- Ross Stores ROST: another 2019 gainer. Many sentiment trading here: I love this stock.
- Twitter TWTR: like PayPal, the next earnings on January 23th could reinforce its recent slow recovery.
- VMWare VMW: a classic from all my watchlists, despite a flat 2019,  I still trust in the products of this innovative cloud company.

I also keep my short position in Beyond Meat BYND. Its earnings report on January 27th. could send this overvalued stock during the first half of 2019, to its real value, I presume in order of $60-70.

New entries in my watchlist include "surprises", as is the first time here for some of them:

- Ambarella AMBA: in a strong bullish rally since my post when I advise that good earnings report didn't reflect in its share price. Stock rides from to $55.205 to $62.42 today.
- Boeing BA: every day a piece of breaking news... great stock for scalping trading, due to its increased volatility.
- Newmont NEM: another defensive stock, now at 5-year highs, can take advantage of recent increasing demand in gold.
- Netflix NFLX: returned to my watchlists, by demonstrating that is still strong in the streaming war despite new giants like Disney+. Golden Globes and Oscar weeks are usually favorable to this stock.
- Raytheon RTN: also a reenter to my watchlists, after a brilliant 2019. Aerospace-Defense stocks saw strong performance due to recent Iraq conflict, not yet finished.
- Shopify SHOP: popular online store, also called, exaggeratedly, the "new Amazon". Its great 2019 performance needs a correction to send its shares to its "real" value, definitely below $400.

I was tempted to include the VXX in this January watchlist. This ETF that follows the VIX, as a contrarian indicator, is an incredible weapon for technical traders to determine extreme conditions of bullish or bearishness of the market, using its inverse relationship: when the market is rallying, the VIX tends to drop; when the market is tanking the VIX tends to rise. Smart and serious investors use it to bet against the crowd when its greed level is extremely high, as nowjust review this accurate indicator. And mainly, they use it as protection or hedge for their investments.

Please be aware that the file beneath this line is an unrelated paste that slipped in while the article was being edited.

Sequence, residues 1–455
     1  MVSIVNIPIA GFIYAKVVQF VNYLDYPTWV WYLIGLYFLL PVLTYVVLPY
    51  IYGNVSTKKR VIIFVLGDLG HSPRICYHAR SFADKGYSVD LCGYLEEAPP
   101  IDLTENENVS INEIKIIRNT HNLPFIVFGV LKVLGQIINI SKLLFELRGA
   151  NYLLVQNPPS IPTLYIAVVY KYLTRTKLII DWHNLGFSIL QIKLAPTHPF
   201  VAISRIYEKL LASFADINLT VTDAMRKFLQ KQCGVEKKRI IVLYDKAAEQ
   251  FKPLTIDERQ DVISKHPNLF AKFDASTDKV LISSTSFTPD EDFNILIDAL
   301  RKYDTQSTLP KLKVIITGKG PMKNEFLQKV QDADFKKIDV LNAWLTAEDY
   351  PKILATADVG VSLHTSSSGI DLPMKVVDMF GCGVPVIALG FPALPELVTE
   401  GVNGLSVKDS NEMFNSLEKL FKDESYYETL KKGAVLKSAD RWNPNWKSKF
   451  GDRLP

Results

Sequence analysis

As you notice, it's a watchlist (include longs and shorts), not a "Buy" List. My suggestions, charts, and ideas regarding these stocks, in which I'm long, short or neutral, I do in the "Watchlist Update" posts. And more fresh data and ideas in my daily tweets through Twitter or StockTwits, which are much more friendly and dynamic platforms for a chat and get feedback from traders.

The image is taken on January 10th, 19:22 EST.
Favorite 15 stocks that I'm following during January-February 2019.

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Trader Notes: Tips for Trading Options

As you know, the US main brokers (Ameritrade, Fidelity, Charles Schwab, eTrade) are now offering zero-commission in stocks, ETFs and options trading. A piece of great news, by far the best this year for retail traders.  It's a great opportunity to start trading options more aggressively, creating an options-based portfolio as now commissions are no longer cutting our profits.